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Disappearing Working Capital: Implications for Accounting Research Open Access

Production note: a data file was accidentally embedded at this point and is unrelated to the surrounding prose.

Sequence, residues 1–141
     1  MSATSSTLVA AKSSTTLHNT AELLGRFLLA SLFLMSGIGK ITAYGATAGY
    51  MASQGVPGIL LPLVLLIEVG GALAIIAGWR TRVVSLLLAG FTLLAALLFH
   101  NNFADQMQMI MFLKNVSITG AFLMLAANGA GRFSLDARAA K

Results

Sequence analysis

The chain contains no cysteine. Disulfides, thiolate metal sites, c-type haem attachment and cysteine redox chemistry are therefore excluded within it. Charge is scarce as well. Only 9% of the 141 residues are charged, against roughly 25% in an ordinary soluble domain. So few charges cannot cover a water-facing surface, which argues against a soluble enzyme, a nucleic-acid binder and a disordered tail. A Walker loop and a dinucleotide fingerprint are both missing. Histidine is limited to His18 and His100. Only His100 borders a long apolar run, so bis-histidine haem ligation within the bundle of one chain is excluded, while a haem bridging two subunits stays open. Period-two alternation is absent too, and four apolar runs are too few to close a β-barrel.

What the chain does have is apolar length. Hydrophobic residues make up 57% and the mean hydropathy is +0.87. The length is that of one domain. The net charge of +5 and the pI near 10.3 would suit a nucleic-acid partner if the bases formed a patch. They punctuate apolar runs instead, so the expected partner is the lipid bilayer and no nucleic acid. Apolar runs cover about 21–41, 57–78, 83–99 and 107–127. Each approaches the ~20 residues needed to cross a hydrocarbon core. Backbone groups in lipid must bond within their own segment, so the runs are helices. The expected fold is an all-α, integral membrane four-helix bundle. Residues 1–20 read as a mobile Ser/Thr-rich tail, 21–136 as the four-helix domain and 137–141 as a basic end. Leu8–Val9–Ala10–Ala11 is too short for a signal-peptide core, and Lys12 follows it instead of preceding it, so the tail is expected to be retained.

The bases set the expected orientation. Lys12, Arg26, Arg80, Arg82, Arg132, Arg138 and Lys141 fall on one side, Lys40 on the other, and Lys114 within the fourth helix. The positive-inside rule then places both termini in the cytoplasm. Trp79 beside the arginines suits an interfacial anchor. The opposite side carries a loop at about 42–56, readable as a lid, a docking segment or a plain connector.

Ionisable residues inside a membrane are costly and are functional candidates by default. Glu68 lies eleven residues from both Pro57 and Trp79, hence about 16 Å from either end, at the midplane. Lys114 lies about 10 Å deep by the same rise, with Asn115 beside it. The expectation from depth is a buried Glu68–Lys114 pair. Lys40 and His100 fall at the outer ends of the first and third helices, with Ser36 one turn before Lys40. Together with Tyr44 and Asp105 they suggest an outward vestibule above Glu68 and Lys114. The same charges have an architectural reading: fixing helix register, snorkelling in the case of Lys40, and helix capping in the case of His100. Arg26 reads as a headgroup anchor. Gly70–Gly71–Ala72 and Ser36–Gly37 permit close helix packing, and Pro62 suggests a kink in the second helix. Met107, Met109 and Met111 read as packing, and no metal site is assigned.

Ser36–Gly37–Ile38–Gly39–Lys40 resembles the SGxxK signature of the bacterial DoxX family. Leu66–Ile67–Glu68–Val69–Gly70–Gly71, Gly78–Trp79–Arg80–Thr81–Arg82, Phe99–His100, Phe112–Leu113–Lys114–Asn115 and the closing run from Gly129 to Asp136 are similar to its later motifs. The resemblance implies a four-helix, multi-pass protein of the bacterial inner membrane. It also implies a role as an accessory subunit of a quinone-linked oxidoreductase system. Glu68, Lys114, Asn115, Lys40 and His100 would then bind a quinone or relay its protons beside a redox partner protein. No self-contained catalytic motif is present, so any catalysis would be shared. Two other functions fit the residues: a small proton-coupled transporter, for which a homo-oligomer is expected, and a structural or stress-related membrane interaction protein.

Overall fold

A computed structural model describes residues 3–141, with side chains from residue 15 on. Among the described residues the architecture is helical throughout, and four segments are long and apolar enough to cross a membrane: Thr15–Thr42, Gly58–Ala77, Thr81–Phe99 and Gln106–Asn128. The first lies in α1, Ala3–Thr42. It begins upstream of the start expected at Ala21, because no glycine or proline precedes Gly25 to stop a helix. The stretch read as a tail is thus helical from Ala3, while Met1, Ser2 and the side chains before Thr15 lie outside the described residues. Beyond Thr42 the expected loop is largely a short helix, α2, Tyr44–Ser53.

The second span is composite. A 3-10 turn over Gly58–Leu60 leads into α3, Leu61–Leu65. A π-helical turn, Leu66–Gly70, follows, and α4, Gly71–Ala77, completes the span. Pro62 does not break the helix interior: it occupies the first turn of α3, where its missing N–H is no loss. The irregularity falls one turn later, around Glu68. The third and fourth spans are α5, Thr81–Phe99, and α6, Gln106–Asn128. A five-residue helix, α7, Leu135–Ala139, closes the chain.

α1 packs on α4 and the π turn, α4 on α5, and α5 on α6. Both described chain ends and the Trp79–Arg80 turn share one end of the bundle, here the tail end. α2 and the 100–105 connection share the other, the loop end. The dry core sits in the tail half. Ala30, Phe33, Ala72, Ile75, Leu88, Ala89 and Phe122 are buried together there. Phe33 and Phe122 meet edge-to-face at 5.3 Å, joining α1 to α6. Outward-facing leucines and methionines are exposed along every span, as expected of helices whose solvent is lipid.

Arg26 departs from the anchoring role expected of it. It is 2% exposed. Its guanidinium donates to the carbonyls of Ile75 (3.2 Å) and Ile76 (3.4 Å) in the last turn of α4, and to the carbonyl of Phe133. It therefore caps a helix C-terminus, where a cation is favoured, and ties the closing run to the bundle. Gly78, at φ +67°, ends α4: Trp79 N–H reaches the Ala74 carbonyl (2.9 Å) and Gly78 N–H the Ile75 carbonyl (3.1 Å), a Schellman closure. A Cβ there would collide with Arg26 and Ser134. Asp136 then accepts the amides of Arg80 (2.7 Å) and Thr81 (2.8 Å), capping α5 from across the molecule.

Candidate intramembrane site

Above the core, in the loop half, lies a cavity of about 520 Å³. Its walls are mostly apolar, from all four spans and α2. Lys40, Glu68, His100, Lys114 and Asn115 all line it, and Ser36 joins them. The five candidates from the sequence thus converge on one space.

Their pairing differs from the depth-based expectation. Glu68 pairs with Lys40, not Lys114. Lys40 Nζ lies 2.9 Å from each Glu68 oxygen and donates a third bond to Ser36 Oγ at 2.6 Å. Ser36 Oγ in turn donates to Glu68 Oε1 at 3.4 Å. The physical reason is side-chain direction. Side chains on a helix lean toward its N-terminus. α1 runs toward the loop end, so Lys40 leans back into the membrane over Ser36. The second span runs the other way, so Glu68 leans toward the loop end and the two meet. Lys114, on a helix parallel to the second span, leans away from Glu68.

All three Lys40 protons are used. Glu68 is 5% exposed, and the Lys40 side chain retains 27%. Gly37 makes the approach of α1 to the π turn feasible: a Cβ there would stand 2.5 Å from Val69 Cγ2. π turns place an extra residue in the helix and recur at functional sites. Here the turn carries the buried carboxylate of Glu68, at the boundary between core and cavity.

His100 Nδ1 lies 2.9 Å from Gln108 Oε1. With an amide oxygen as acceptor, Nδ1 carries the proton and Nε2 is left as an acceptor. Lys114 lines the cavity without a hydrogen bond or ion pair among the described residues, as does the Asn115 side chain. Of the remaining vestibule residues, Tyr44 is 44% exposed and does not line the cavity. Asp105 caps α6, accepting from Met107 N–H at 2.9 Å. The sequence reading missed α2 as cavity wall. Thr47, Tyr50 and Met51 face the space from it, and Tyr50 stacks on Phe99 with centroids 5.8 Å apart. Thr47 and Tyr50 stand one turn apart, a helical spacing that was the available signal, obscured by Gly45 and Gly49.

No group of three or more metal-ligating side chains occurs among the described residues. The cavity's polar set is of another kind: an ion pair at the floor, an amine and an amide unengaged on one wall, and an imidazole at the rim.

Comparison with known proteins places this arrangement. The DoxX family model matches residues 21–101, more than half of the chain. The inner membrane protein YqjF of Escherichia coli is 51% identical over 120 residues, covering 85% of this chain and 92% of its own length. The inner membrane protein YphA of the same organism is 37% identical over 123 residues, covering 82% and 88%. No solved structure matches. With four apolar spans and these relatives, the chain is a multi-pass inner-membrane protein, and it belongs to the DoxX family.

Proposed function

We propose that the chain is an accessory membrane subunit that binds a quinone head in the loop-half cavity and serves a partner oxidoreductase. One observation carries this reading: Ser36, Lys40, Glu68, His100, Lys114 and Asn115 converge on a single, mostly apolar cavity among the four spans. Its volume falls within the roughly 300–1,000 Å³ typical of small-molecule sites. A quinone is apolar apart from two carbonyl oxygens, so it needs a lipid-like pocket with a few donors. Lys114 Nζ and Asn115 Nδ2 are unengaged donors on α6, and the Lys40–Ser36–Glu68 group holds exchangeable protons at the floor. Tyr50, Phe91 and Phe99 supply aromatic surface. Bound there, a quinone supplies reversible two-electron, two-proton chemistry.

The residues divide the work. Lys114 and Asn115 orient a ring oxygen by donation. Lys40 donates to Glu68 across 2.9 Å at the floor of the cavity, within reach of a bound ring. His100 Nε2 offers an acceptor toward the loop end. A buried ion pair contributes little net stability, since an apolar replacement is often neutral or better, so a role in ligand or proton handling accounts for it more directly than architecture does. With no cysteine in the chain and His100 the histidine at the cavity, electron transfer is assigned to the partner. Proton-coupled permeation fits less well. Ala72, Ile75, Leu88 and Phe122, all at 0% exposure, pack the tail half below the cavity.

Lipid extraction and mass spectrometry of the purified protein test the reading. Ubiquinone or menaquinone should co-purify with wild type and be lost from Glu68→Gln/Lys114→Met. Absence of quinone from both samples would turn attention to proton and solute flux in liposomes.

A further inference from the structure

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This dissertation examines the implications of technological advances on the net working capital balance of U.S. firms over the past five decades. I find that the annual mean value of the net working capital balance of U.S. firms has sharply declined, from 28.9% of average total assets in the 1970s to 6.5% in the 2010s. I also show that an increase in IT spending is associated with a reduction in net working capital balance, after controlling for alternative explanations. This real (vis-à-vis accounting) change in net working capital balance has significant implications for practical financial management and accounting research. On one hand, companies have become more efficient in managing their working capital and thus in conserving cash, leading to an increased cash savings at U.S. firms. On the other, the declining working capital balance has reduced accounting current accruals from 18.8% to 5.4% of earnings, which, in turn, has reduced the explanatory power of the Jones (1991) model from 23.7% to 3.7% and increased the correlation between earnings and cash flows from 0.689 to 0.947 over time. Such a structural change is worth noting for accounting research addressing the relationship between accruals, cash flows, and earnings.

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